For the supplier, this alternative demonstrates a competitive differential and an improved logistics standard.
Beside this, if the customer or supplier still makes use of integrated internal management systems (such as SAP, ERP, among others), the remote monitoring system can also integrate with these tools, improving administrative processes and operations.
The whip effect
The vast majority of companies manage their inventories from an internal and isolated perspective, without reflecting on their effects as a whole, although ideally all the links in the supply chain would always have on hand real and online information on the demand generated from a stock management system.
Therefore, the adoption of collaborative planning and automatic replenishment practices, such as VMI, is a great tool to reduce the popular “whip effect”, in which the fluctuations of the supplier’s demand are much larger than the actual demand In the client. And supply chains are extremely prone to the “whip effect”, which has a negative impact, increases the level of safety stocks and / or a loss of service level and even causes a lack of products. Uncertainty is most responsible for the “whip effect”, which can precisely be reduced by the IMV mechanism, since the supplier itself is in charge of making available the necessary raw material to the consumer to be used when and as needed, acting as a kind of “extension” of the customer’s material management area.
With telemetry (automatic metering of tanks or silos), the raw material replenishment cycle becomes faster and more programmed, in addition to reducing the risk of rupturing the customer’s production chain. This cycle can happen in two formats:
- Inbound VMI: The raw material stock management at the customer’s plant is done by the supplier.
- Outbound VMI: Product inventory management at the customer’s plant is done by your own staff. This is the case, for example, of a company that has several factories in different regions, or in remote locations, and has a centralized purchasing system.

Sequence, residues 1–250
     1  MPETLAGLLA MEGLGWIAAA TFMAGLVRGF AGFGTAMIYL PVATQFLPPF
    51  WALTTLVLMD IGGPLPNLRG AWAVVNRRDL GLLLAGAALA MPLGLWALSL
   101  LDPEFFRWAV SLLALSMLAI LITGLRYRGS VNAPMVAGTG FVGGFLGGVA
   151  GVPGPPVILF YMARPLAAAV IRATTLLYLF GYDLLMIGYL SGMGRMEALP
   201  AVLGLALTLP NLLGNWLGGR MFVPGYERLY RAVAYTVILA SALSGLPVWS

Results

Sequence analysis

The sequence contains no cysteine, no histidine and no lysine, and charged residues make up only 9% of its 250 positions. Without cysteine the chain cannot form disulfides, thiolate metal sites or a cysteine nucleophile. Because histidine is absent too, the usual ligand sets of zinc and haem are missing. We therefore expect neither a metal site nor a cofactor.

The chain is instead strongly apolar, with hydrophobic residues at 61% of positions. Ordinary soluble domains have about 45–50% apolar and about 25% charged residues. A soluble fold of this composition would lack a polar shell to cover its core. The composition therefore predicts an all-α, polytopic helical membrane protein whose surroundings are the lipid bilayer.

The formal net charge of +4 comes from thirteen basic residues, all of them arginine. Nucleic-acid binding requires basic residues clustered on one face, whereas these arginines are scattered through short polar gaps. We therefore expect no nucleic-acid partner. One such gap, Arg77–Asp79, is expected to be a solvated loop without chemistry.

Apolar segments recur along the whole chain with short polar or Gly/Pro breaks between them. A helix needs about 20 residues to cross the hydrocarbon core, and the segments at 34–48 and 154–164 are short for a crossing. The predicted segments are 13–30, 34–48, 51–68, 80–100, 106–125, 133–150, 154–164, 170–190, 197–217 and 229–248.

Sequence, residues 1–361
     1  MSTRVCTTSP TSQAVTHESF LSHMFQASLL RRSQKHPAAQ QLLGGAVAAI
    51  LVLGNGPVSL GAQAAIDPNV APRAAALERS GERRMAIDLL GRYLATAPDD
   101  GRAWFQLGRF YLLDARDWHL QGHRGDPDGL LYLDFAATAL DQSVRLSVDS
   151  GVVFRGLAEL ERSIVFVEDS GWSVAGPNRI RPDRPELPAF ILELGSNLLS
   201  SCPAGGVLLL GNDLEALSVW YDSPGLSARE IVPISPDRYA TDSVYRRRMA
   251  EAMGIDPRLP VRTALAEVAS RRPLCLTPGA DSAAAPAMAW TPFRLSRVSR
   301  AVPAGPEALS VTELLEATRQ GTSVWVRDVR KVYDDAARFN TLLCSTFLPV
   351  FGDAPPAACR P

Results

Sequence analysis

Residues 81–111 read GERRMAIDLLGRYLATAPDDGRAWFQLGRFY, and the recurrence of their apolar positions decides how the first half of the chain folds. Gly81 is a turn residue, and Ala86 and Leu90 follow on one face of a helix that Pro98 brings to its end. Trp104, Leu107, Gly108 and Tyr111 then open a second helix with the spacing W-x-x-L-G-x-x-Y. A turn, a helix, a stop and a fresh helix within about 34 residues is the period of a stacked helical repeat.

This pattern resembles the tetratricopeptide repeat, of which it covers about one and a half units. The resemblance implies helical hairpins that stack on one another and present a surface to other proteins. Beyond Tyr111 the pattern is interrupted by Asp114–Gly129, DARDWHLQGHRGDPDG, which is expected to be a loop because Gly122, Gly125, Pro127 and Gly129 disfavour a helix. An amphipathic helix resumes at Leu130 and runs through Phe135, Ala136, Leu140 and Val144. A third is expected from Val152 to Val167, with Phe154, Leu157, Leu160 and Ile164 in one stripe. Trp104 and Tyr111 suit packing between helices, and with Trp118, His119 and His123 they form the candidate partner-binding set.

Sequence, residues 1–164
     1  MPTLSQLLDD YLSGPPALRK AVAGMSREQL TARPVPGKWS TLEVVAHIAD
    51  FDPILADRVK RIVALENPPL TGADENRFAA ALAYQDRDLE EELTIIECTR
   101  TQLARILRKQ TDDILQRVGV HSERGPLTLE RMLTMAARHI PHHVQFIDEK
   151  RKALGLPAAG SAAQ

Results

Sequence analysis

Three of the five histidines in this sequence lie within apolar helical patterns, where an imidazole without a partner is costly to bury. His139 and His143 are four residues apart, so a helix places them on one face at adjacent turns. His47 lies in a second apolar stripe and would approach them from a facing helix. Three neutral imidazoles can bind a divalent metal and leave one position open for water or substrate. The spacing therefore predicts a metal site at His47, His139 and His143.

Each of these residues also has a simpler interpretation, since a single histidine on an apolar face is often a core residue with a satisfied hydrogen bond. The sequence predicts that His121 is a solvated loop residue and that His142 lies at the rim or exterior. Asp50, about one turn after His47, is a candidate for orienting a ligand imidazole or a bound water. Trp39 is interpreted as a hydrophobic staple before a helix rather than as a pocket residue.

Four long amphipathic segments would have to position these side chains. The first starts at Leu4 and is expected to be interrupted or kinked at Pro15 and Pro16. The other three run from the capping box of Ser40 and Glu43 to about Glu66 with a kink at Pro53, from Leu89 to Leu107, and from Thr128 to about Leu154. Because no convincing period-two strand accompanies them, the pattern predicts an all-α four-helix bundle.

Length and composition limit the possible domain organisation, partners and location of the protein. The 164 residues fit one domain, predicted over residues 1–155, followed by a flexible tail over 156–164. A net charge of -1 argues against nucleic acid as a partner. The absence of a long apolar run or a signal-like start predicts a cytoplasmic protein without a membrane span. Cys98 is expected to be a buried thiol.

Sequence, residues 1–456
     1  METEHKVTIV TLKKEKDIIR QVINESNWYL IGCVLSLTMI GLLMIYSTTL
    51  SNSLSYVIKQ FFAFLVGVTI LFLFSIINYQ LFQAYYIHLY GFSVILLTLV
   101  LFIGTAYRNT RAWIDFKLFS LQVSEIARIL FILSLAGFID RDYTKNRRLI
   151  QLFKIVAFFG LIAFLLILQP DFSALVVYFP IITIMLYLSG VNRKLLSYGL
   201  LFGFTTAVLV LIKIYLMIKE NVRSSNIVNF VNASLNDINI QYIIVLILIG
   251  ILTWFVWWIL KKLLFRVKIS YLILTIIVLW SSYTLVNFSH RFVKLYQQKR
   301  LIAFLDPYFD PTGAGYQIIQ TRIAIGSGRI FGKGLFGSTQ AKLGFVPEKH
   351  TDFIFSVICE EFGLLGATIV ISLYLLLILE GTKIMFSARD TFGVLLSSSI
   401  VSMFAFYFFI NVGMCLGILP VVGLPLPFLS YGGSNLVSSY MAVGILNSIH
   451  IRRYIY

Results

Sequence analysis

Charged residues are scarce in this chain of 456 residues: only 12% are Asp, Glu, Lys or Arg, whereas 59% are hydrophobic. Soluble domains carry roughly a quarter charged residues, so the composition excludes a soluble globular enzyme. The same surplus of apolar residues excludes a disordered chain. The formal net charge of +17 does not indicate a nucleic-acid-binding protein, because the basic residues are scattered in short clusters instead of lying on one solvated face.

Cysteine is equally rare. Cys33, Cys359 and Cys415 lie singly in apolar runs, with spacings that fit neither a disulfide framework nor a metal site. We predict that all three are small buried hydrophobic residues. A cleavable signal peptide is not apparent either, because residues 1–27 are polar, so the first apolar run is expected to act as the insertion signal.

These service dynamics have already been used in different segments of the industry.
The client inventory manager in the VMI model can, above all, gain time to devote to business strategies, since the basic tasks are automated within the remote monitoring system. However, other benefits can be highlighted:
- Unified view of inventories.
- More accurate planning of the supply chain and logistics.
- Control of raw material demand.
- Gains in efficiency and effectiveness (operational, logistics and production).
- Automated inventory management, minimizing the risk of disruptions in the production process.
- Accuracy of information and inventory data, eliminating communication failures.
- Frequent alerts for refueling in case of high consumption of products.
- Reduced transportation costs.
- Reduction of the number of carts in the waiting yard.
- Loyalty between supplier and customer.
The basic concept for VMI is the integration of information between supplier and customer. And it is with this same principle that the system of inventory monitoring is built at a distance: integrated and real-time information guarantees an improved supply chain management that can be done by the customer, the supplier and the logistic operator at the same time, from telemetry allied to an intelligent (mobile, agile and reliable) system that interprets the data according to parameters pre-established by the users and provides subsidies for decision making at the right time.
In the search for a differentiated and long-term business relationship, the cost-benefit of implementing a remote monitoring system is usually extremely attractive considering the benefits that the company (be it supplier, customer or logistic operator) will be able to enjoy.